"And what do you propose to do?" said Lord Henry at last.

"I want you and Basil to come with me some night and see her act. Ihave not the slightest fear of the result. You are certain toacknowledge her genius. Then we must get her out of the Jew's hands.She is bound to him for three years—at least for two years and eightmonths—from the present time. I shall have to pay him something, ofcourse. When all that is settled, I shall take a West End theatre andbring her out properly. She will make the world as mad as she has mademe."

"That would be impossible, my dear boy."

"Yes, she will. She has not merely art, consummate art-instinct, inher, but she has personality also; and you have often told me that itis personalities, not principles, that move the age."

"Well, what night shall we go?"

"Let me see. To-day is Tuesday. Let us fix to-morrow. She playsJuliet to-morrow."

"All right. The Bristol at eight o'clock; and I will get Basil."

"Not eight, Harry, please. Half-past six. We must be there before thecurtain rises. You must see her in the first act, where she meetsRomeo."

"Half-past six! What an hour! It will be like having a meat-tea, orreading an English novel. It must be seven. No gentleman dines beforeseven. Shall you see Basil between this and then? Or shall I write tohim?"

"Dear Basil! I have not laid eyes on him for a week. It is ratherhorrid of me, as he has sent me my portrait in the most wonderfulframe, specially designed by himself, and, though I am a little jealousof the picture for being a whole month younger than I am, I must admitthat I delight in it. Perhaps you had better write to him. I don'twant to see him alone. He says things that annoy me. He gives me goodadvice."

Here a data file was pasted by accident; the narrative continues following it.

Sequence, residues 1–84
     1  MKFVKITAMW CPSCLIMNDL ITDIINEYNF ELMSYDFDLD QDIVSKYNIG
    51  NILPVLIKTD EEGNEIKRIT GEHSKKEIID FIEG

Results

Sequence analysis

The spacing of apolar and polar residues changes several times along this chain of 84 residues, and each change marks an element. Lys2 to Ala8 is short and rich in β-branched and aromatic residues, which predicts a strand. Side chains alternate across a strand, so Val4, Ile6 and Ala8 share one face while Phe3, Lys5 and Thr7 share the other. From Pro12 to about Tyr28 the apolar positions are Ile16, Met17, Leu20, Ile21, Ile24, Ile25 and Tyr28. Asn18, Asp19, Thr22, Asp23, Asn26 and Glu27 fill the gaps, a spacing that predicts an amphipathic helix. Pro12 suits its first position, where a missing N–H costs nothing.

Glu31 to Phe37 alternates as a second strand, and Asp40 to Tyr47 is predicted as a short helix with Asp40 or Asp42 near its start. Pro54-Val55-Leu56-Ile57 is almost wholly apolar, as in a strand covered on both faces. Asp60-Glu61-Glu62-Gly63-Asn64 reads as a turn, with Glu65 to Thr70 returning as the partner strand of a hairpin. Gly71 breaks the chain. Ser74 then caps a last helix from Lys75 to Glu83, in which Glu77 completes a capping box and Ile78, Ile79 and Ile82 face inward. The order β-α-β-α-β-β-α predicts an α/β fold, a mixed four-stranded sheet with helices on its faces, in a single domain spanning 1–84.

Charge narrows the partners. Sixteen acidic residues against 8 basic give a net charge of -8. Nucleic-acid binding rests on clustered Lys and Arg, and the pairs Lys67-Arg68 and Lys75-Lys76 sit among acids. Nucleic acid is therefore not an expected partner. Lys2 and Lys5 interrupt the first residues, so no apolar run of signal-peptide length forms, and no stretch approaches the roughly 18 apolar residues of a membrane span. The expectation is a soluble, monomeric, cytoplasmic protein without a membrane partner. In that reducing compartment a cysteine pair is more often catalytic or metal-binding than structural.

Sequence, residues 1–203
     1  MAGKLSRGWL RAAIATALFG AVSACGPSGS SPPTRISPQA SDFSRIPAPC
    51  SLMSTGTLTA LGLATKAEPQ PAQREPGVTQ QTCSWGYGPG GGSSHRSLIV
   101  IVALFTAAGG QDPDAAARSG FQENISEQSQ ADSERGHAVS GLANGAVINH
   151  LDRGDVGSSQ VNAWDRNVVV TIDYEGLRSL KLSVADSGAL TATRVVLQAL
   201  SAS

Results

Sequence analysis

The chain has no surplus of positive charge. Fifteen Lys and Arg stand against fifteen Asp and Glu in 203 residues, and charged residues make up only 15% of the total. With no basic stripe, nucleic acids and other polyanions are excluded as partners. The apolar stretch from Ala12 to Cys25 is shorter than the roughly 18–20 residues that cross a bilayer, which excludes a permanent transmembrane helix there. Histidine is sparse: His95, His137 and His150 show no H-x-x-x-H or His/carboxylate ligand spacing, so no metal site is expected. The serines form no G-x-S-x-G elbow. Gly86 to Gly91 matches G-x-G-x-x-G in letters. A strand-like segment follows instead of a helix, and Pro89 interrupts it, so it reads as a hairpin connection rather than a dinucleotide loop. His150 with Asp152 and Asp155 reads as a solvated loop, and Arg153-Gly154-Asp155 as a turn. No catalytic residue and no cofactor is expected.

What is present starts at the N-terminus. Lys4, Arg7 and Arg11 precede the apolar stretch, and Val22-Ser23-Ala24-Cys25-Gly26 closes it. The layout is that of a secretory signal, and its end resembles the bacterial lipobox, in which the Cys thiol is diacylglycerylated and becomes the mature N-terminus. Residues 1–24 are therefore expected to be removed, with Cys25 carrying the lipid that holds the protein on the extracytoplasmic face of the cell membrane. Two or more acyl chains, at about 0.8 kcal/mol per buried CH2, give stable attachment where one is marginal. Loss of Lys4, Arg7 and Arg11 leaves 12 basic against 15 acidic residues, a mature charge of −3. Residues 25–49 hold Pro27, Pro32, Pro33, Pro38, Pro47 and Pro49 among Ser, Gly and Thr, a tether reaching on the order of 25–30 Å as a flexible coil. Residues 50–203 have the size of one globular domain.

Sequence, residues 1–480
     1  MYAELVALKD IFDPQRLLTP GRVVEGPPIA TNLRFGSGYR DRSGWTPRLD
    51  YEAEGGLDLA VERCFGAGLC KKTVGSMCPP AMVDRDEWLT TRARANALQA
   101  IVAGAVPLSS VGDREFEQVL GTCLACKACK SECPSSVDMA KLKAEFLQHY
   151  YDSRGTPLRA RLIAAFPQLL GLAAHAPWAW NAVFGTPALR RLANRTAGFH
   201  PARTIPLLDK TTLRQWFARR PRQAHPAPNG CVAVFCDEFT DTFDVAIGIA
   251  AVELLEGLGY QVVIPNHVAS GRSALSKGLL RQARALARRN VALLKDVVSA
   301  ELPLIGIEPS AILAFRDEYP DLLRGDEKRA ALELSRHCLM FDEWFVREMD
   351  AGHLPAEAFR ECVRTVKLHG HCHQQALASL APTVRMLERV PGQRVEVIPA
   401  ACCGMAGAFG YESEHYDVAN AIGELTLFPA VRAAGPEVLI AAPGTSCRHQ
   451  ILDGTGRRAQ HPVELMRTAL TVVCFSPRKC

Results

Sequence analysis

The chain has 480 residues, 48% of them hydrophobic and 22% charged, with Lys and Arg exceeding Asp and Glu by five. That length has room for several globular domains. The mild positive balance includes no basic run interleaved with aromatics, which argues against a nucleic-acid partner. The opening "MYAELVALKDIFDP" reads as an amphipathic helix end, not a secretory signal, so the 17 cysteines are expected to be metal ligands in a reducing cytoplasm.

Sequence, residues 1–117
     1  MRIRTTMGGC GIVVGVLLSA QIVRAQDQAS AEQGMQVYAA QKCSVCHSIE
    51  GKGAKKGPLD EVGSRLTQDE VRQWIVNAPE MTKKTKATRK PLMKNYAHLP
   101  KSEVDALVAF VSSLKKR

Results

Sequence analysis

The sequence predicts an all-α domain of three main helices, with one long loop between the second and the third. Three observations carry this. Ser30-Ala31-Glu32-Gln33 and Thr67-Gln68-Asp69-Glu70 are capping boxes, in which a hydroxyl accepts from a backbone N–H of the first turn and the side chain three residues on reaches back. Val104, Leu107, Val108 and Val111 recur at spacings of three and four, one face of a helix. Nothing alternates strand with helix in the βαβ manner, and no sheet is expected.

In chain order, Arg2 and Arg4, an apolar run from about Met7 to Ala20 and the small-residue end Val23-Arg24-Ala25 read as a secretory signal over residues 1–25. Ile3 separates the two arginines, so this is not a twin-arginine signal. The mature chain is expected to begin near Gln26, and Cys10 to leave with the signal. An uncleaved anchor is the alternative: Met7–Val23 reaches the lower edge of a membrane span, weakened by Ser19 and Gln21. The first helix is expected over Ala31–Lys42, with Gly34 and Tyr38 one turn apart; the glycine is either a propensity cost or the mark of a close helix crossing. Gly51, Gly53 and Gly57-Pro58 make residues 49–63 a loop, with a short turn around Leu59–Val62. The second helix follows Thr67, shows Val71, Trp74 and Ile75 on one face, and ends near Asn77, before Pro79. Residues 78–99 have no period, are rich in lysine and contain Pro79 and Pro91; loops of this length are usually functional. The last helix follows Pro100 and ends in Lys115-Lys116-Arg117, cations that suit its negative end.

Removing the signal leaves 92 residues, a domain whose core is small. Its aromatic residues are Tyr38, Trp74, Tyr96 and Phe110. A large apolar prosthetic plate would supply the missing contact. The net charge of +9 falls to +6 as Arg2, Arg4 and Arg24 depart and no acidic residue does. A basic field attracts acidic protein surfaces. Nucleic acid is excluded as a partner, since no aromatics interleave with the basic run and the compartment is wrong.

Lord Henry smiled. "People are very fond of giving away what they needmost themselves. It is what I call the depth of generosity."

"Oh, Basil is the best of fellows, but he seems to me to be just a bitof a Philistine. Since I have known you, Harry, I have discoveredthat."

"Basil, my dear boy, puts everything that is charming in him into hiswork. The consequence is that he has nothing left for life but hisprejudices, his principles, and his common sense. The only artists Ihave ever known who are personally delightful are bad artists. Goodartists exist simply in what they make, and consequently are perfectlyuninteresting in what they are. A great poet, a really great poet, isthe most unpoetical of all creatures. But inferior poets areabsolutely fascinating. The worse their rhymes are, the morepicturesque they look. The mere fact of having published a book ofsecond-rate sonnets makes a man quite irresistible. He lives thepoetry that he cannot write. The others write the poetry that theydare not realize."

"I wonder is that really so, Harry?" said Dorian Gray, putting someperfume on his handkerchief out of a large, gold-topped bottle thatstood on the table. "It must be, if you say it. And now I am off.Imogen is waiting for me. Don't forget about to-morrow. Good-bye."